Myers- Briggs establishes 16 personality type combinations that are a result of 4 distinct variables:
- The way you direct and receive energy (extraversion versus introversion).
- The way you take in information (sensing versus intuition).
- The way you decide and come to conclusions (thinking versus feeling).
- The way you approach the outside world (judging versus perceiving).
Personality types are not good or bad. One is not better or worse—it is simply a way to describe how we interpret the world and to understand why we behave in certain ways. Though not static, I have found the description of my personality type to be very consistent with how I see myself. My classmates in Sup Lab also found this to be true.
I started this article with personality types because I think it is really interesting (you might be an INTJ if you describe things as interesting) to consider how personality influences our desires and talents. As a new small business owner, I am spending more time thinking about what makes my skills marketable than I ever have before. I am wracking my brain trying to understand my audience and how to communicate my value proposition to that audience. By harkening back to the lessons learned in Sup Lab, I began to consider that I (a venue manager) see the world differently than my primary clients (event promoters) and this different perspective creates value.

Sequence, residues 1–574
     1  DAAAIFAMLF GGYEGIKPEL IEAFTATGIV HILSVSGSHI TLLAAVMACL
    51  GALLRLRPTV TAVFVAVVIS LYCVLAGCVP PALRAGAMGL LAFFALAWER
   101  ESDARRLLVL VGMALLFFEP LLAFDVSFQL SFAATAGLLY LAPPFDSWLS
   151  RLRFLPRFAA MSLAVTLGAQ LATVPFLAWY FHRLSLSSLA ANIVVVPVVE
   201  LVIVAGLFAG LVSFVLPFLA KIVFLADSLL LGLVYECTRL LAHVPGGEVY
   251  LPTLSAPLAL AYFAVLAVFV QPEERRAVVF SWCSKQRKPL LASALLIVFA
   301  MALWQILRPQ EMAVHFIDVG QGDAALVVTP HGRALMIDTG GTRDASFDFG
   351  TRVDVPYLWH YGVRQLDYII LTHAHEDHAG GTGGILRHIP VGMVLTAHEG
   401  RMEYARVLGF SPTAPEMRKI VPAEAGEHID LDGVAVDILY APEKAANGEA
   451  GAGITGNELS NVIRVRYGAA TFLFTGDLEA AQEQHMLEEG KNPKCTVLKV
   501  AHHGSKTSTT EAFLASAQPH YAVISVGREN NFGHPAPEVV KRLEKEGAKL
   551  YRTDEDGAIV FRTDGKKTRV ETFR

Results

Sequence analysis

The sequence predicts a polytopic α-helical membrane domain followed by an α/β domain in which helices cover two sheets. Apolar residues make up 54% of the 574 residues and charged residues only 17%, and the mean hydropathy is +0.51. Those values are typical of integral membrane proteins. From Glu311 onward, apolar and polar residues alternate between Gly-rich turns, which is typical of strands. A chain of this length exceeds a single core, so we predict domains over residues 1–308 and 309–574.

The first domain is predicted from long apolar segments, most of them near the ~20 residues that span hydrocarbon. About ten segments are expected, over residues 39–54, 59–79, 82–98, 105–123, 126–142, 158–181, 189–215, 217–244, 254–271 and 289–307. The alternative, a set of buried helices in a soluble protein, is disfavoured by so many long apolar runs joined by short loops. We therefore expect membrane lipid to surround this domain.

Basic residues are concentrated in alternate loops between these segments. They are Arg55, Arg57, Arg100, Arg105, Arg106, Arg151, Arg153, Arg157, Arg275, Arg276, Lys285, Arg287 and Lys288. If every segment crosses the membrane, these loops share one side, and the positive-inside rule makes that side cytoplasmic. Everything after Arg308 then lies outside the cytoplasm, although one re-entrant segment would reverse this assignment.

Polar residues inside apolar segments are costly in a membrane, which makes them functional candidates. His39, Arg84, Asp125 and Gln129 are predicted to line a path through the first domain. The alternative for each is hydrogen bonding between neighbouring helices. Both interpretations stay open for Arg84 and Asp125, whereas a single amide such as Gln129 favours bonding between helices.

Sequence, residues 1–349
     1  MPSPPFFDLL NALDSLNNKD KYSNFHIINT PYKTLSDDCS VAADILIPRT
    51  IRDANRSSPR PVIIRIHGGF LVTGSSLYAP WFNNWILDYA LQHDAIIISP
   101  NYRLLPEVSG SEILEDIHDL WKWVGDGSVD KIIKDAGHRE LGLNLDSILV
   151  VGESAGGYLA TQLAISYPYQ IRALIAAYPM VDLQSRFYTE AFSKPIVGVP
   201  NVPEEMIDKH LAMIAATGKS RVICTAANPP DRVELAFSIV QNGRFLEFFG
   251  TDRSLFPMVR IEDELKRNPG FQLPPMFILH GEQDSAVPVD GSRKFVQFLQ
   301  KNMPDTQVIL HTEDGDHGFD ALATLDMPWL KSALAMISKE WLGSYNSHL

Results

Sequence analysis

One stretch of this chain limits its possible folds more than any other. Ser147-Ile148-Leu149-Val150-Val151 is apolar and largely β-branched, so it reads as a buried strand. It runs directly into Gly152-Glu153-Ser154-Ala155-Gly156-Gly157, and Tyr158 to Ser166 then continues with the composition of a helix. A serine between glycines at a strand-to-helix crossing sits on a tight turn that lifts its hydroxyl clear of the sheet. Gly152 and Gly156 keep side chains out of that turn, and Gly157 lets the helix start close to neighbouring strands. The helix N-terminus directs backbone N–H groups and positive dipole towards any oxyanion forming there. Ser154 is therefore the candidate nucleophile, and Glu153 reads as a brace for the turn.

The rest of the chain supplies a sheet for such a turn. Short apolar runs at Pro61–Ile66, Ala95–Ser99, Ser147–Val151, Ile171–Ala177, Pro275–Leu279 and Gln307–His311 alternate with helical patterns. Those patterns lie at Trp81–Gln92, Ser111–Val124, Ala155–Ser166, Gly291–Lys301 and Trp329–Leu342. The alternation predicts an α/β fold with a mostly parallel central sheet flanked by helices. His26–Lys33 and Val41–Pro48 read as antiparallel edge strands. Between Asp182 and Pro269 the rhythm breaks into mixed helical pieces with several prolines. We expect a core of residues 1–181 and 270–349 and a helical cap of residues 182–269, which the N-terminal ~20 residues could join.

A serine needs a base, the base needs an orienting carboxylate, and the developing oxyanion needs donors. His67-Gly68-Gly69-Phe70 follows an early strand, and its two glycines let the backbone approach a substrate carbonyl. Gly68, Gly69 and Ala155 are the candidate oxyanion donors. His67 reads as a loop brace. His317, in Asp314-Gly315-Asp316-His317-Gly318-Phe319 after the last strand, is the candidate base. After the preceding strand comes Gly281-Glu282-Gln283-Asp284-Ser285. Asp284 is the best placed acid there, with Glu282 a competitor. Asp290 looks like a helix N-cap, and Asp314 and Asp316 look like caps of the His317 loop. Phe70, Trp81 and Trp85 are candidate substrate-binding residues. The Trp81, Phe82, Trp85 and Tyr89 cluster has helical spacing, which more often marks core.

“I can see the big picture and can anticipate downstream effects. I also know who to call when I need an expert. I am, in essence, a project manager. My base skill is to connect people, services, venues, and equipment in order to accomplish a specific task on a hard timeline. Along the way, I create systems to improve both efficiency and effectiveness and manage people and crises.”
These are the words of a “conceptual planner.” I have always said that venue management people are cut from the same cloth. Despite INTJs only representing 2% of the population, I would guess we represent a much higher percentage of the venue management industry. This type of work is directly in line with how we experience the world. It showcases our talents by allowing us to “devise strategy, give structure, establish complex plans to reach distant goals dictated by a strong vision of what is needed in the long run,” according to the Quick Guide to the 16 Personality Types in Organizations.